Biological diversity has been estimated for various phyla of life, such as insects and mammals, but in the microbe world is has been difficult to determine species richness and abundance. Here we describe a study of species diversity of fungi with a yeast-like colony morphology from the San Juan Islands, a group of islands that lies southeast of Vancouver Island, Canada. Our sampling revealed that the San Juan archipelago biosphere contains a diverse range of such fungi predominantly belonging to the Basidiomycota, particularly of the order Tremellales. One member of this group, Cryptococcus gattii, is the etiological agent of a current and ongoing outbreak of cryptococcosis on nearby Vancouver Island. Our sampling did not, however, reveal this species. While the lack of recovery of C. gattii does not preclude its presence on the San Juan Islands, our results suggest that the Strait of Juan de Fuca may be serving as a geographical barrier to restrict the dispersal of this primary human fungal pathogen into the United States.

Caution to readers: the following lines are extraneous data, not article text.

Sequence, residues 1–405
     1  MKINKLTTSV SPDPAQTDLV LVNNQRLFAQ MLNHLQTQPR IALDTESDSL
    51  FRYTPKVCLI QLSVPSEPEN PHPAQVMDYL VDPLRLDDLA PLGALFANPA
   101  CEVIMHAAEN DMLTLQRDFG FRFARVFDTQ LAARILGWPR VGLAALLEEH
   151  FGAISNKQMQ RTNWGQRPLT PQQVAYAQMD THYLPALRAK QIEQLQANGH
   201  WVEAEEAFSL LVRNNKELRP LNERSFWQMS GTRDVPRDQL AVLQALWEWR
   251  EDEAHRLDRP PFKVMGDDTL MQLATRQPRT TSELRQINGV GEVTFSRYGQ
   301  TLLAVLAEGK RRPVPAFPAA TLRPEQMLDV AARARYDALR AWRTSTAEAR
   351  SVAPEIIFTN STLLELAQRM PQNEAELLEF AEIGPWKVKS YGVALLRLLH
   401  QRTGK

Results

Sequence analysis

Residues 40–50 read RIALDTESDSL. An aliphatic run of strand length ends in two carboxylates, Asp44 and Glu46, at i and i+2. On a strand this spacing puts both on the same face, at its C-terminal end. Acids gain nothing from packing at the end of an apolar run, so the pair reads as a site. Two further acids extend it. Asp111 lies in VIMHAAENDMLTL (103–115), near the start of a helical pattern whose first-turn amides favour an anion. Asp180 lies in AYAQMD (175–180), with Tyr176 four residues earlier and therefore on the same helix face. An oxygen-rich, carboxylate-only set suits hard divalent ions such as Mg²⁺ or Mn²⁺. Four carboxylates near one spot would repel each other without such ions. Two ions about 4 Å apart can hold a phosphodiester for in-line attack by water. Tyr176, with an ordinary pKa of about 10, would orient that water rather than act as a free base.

Fraser, J. A., Lim, S. M., Diezmann, S., Wenink, E. C., Arndt, C. G., Cox, G. M., Dietrich, F. S., & Heitman, J. (2006). Yeast diversity sampling on the San Juan Islands reveals no evidence for the spread of the Vancouver Island Cryptococcus gattii outbreak to this locale. FEMS Yeast Research, 6(4), 620-624. https://doi.org/10.1111/j.1567-1364.2006.00075.x